Minister for Disabled People announces plans to improve the Access to Work employment programme

Monday 19 November 2012

Today the Minister for Disabled People, Esther McVey MP, announced measures to strengthen the Access to Work employment scheme. This announcement follows the completion of the first phase of work carried out by an expert panel chaired by ecdp’s CEO, Mike Adams. The panel was set up following the Sayce review of the Access to Work scheme, to help take forward the recommendations made in the review.

ecdp worked with members to understand the experience of disabled people in Essex of using Access to Work, and the lived experience collected was submitted to the Sayce review.

Those who took part in this work will be pleased to see many of the issues they had with Access to Work being addressed. For example, during our research, members told us they often found Access to Work difficult to navigate, and so will welcome the moves to make the programme more responsive and easier to use.

We welcome the plan to allow Disabled People’s User-Led Organisations (DPULO) to propose innovative ways to provide innovative peer support to Access to Work users. ecdp knows that peer support can be invaluable to disabled people when using any new system of support. Indeed, during our original research we found that people often approached their local DPULO for information about Access to Work.

One of the greatest barriers members faced when using Access to Work was caused by their employer not understanding Access to Work, or not fulfilling their responsibilities. Members will welcome the aim to train Access to Work advisers to better support employers to ensure they support their employees as well as possible.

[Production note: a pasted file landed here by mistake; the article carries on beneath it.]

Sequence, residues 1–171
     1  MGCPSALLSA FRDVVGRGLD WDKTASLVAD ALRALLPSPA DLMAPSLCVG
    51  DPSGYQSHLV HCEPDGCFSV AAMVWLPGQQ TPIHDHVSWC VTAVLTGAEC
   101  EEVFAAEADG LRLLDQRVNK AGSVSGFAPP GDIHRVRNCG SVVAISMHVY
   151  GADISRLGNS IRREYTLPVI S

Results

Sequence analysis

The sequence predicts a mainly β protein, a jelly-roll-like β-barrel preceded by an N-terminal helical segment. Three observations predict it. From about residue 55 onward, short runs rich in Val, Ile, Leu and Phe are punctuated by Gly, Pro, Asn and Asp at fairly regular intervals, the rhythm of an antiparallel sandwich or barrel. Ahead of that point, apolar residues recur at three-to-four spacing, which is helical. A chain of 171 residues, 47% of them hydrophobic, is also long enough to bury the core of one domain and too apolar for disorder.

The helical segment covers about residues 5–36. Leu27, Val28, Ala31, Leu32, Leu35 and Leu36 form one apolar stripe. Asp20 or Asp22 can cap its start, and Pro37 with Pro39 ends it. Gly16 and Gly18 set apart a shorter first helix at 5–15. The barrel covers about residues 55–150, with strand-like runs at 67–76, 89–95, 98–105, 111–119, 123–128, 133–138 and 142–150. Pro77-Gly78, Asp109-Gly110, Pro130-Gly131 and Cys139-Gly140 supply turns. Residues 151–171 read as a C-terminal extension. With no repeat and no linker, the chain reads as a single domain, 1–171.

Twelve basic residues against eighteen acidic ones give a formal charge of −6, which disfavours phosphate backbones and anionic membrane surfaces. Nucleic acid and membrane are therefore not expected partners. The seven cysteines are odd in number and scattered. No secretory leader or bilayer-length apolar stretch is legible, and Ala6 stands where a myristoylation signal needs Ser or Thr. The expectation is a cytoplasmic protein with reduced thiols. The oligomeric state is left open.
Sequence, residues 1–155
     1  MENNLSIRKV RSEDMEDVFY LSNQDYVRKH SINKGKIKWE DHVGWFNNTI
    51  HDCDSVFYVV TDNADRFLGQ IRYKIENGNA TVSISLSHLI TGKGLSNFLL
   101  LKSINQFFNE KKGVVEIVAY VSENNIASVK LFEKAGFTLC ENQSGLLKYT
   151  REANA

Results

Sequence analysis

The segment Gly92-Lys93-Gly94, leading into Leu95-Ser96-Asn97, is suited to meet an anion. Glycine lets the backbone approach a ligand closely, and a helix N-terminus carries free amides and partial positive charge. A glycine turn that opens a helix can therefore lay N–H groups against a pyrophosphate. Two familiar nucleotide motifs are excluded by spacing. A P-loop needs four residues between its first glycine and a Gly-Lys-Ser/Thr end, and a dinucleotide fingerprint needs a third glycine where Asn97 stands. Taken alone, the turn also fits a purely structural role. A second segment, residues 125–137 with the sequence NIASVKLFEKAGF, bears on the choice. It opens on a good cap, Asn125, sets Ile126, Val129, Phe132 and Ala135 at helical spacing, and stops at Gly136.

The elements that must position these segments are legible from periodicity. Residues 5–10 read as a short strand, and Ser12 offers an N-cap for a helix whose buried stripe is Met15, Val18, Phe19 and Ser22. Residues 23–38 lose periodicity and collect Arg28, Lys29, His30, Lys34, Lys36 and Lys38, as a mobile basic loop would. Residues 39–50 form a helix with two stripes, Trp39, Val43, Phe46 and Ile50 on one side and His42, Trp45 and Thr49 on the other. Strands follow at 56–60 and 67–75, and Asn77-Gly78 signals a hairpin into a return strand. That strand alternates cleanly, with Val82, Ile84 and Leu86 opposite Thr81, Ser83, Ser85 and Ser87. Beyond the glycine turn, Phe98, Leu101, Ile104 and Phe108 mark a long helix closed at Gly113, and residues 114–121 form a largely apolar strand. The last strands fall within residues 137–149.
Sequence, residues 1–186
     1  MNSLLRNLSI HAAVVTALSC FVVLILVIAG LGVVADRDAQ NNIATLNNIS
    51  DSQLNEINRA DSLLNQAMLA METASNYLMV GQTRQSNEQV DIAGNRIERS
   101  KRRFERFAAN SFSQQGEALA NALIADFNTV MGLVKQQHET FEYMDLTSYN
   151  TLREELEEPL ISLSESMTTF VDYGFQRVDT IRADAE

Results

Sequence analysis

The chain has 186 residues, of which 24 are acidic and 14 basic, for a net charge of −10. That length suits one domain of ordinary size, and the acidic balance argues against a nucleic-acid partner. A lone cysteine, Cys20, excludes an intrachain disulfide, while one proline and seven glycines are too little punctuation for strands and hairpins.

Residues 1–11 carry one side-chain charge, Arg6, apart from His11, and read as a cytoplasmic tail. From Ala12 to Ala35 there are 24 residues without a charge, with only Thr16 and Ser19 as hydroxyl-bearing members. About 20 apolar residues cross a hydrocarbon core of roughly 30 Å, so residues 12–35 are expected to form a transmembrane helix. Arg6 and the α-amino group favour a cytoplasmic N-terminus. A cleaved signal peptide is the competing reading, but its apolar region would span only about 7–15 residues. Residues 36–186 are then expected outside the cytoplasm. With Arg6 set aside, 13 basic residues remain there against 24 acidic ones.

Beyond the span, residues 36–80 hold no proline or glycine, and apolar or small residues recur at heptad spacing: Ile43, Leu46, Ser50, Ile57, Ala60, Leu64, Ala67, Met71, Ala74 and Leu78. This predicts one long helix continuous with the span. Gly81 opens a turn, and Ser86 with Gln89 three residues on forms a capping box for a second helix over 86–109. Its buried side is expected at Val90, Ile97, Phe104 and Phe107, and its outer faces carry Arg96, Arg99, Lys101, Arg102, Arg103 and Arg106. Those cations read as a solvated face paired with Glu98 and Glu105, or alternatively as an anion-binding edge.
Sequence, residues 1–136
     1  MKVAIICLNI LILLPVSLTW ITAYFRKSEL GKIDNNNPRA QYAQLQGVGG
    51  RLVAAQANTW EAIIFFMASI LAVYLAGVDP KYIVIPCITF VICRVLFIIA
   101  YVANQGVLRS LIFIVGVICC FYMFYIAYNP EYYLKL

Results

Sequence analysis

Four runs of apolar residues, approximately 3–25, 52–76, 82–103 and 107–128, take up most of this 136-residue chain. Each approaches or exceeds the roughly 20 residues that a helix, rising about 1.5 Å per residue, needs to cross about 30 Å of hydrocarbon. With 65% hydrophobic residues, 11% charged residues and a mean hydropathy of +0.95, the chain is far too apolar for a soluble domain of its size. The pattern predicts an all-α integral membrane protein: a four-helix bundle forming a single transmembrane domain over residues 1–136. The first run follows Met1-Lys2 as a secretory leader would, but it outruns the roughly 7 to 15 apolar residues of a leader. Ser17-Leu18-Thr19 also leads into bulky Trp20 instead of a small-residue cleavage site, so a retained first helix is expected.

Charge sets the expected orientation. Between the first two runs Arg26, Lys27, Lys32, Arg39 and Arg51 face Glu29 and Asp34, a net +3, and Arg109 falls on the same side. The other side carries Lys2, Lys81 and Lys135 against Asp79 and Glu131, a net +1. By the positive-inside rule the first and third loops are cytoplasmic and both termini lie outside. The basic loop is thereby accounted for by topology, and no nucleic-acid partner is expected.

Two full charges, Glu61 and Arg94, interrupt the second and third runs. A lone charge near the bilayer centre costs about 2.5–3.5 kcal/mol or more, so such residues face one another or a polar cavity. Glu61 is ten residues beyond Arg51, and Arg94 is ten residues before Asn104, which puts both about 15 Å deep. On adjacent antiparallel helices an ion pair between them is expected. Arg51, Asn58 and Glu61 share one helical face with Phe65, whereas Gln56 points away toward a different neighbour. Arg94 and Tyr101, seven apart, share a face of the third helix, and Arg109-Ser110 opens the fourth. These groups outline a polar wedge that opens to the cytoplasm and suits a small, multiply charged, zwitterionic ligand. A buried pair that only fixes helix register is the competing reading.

You can read ecdp's original report on Access to Work, here: ecdp Access to Work report

The Minister’s full statement is below:

Access to Work helps over 30,000 disabled people each year retain and enter employment. It provides valuable support such as help with travel to work, purchase of specialist equipment and support workers. Last year the Government spent £93 million on this highly effective and well regarded programme.

Following Liz Sayce’s review of Specialist Disability Employment Programmes, ‘Getting in, staying in and getting on’ the Government has already announced significant improvements to Access to Work, including an additional £15m over this Spending Review period, availability of the scheme to young disabled people undertaking work experience under the Youth Contract, and a targeted marketing campaign. On 4 July we announced that we were establishing an expert panel, chaired by Mike Adams, to help us take forward some of the recommendations in Liz Sayce’s report, and to provide advice on the further transformation of the programme. I am grateful to Mike Adams and the panel for their advice.

Today, I can announce that the panel has completed the first phase of its work, and that we will be implementing a number of changes between now and March 2013 aimed at further strengthening the programme.

    • We will introduce a fast track assessment process so individuals who already know their support requirements will move swiftly through their application.
    • We will make it easier to transfer equipment so that individuals can move more easily between employers with their special aids and equipment.
    • We will allow individuals to use their Disabled Students Allowance assessment information as part of the Access to Work assessment process.

Access to Work aims to increase levels of personalisation and to promote independence where ever possible and appropriate, so in line with this: